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Things vs states performance

Hey all, assuming I need to store some temporary variable for whatever reason, will custom states generally work faster than storing the same in a Thing (say, the current user or the current page thing)?

I understand Things are talking to the database so that may slow things down, but is that intuitive understanding correct?

Thanks in advance!

(Why I’m considering using Things at all: I like the way they can be handled in workflows more, e.g. operations like add/remove list/item, etc.)

Hi there, @vovazk… my understanding is the same as yours, so if you are incorrect, well, then that makes two of us. :slight_smile:

I am under the impression that using a custom state for any kind of temporary storage is always more efficient/faster because a trip to and from the database is not involved. I’m not necessarily sure what you mean by handling things in workflows, but I’m sure you know you can perform the same operations on custom states in workflows, so using custom states is probably still the best way to go for temporary storage.

Anyway, just food for thought… hope it helps.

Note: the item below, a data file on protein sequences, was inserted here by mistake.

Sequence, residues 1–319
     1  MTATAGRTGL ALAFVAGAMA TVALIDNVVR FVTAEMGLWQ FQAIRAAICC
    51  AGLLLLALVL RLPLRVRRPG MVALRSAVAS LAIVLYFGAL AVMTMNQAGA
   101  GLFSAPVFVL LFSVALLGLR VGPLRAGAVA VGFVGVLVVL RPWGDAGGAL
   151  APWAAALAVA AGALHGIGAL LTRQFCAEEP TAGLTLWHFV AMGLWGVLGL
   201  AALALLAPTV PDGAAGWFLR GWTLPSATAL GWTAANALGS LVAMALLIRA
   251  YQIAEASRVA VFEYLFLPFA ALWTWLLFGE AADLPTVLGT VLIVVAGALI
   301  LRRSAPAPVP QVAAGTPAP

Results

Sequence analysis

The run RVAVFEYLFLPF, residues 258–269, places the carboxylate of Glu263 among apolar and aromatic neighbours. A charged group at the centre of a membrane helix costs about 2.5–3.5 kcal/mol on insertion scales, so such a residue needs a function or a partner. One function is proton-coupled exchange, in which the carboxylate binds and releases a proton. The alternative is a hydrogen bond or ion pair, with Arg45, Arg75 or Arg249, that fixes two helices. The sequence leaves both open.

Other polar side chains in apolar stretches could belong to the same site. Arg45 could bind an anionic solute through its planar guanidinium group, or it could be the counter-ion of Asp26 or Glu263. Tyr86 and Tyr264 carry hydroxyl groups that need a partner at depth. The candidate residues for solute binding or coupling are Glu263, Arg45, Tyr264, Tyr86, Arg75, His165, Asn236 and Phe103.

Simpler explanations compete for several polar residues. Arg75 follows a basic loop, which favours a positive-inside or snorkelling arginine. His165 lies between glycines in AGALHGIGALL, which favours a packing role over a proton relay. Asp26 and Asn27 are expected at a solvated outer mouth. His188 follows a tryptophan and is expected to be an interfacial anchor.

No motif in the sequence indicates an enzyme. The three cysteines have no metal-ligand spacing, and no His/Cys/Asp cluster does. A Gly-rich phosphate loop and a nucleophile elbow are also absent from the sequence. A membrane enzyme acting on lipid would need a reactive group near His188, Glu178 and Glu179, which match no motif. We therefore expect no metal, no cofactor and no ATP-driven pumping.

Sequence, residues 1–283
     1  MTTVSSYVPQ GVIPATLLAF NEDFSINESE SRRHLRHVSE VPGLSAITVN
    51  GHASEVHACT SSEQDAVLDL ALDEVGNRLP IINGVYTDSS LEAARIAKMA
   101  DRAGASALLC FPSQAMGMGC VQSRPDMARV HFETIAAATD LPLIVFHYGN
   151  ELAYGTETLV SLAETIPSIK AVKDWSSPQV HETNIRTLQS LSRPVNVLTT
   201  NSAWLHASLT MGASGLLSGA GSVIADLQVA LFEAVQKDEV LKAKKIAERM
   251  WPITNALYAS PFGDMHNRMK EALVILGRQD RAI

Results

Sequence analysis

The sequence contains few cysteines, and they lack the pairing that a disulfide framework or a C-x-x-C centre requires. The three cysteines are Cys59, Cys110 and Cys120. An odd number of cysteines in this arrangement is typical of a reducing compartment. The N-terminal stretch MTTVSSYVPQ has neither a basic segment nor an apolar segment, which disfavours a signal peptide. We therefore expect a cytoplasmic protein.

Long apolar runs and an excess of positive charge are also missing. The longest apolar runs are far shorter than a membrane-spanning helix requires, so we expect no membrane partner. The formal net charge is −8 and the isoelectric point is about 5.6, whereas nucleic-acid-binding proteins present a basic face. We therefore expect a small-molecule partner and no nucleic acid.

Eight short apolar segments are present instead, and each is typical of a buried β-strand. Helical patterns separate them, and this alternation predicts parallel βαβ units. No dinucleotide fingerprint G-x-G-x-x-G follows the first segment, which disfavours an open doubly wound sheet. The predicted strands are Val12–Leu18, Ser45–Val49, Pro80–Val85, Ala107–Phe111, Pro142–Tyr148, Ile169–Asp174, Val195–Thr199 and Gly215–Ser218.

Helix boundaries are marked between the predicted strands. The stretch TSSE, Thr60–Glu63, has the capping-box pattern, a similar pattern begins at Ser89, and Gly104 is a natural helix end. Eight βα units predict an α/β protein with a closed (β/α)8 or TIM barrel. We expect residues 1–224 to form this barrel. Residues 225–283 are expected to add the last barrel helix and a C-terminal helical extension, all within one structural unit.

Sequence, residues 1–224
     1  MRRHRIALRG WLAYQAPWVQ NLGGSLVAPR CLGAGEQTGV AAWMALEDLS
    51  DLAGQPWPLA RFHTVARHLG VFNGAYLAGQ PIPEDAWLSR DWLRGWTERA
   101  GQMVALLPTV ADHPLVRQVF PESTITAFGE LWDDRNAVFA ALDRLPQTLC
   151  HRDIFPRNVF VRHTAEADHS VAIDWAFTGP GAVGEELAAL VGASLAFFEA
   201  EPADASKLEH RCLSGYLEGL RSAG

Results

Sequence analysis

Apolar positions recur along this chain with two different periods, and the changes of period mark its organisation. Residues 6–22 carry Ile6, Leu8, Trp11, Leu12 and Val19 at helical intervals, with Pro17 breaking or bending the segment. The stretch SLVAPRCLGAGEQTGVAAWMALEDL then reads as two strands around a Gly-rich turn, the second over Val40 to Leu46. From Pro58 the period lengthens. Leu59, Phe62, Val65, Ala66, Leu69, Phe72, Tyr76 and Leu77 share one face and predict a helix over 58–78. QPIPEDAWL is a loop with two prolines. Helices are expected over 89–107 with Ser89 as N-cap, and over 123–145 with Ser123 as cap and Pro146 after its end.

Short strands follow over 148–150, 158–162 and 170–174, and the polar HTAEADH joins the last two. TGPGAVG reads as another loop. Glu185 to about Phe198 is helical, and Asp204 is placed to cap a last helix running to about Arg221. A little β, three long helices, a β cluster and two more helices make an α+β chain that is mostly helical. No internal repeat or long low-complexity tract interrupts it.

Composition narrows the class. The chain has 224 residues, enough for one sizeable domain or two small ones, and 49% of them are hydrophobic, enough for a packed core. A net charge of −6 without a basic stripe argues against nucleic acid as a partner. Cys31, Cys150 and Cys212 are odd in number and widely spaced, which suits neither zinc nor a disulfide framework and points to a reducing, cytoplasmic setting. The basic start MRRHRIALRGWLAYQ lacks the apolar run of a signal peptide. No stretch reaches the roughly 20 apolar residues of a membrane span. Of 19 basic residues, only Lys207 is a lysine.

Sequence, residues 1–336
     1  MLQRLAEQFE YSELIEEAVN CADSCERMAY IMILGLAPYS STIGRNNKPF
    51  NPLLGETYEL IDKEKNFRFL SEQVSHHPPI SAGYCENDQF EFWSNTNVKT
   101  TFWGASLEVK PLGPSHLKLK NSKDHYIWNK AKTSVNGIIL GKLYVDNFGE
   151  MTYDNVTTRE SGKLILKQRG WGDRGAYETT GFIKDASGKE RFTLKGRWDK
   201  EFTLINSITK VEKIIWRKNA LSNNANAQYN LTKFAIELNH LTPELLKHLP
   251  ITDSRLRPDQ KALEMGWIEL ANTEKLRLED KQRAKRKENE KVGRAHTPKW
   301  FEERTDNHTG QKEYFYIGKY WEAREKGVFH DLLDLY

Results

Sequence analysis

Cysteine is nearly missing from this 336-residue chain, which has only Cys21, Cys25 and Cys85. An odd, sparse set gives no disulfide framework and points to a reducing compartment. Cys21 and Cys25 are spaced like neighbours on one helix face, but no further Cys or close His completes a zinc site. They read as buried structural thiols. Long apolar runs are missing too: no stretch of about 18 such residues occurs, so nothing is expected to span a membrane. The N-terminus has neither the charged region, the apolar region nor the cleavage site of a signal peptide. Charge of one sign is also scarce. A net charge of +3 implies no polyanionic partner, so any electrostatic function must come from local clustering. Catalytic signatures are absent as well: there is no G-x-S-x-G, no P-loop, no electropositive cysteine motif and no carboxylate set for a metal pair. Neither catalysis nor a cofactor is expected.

Best…
Mike

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Thanks, Mike! What I mean by easier handling is that, say, if I need to add an item to a list of things, I could use “make change to thing → my list → add item.” For states I would instead do “set state → my list → its current value :plus item new item.” I know it’s probably just a matter of syntax, but it just somehow feels less efficient iykwim. I might be overthinking though.

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Almost unrelated, but I sometimes wish Bubble could treat elements as a specific kind of Things (virtual ones or whatever we’ll call them), with some unified syntax for both.

Just wanted to chime in about states vs things performance.

Don’t forget about scalability. If your app saves (lets call them temporary) values in the database for a lot of stuff on the page as well as for user actions that can (and will) add up very very quickly for each additional user working on the site in terms of server capacity. Then you will encounter performance issues for all users.

Its probably a good idea to ask if a solution works well for N users 10, 1000, 1000, etc. I would say even for internal sites with a dozen or so users it could still be an issue having a lot of state-like data being routinely saved into the db depending on your plan and what the app is doing with the db.

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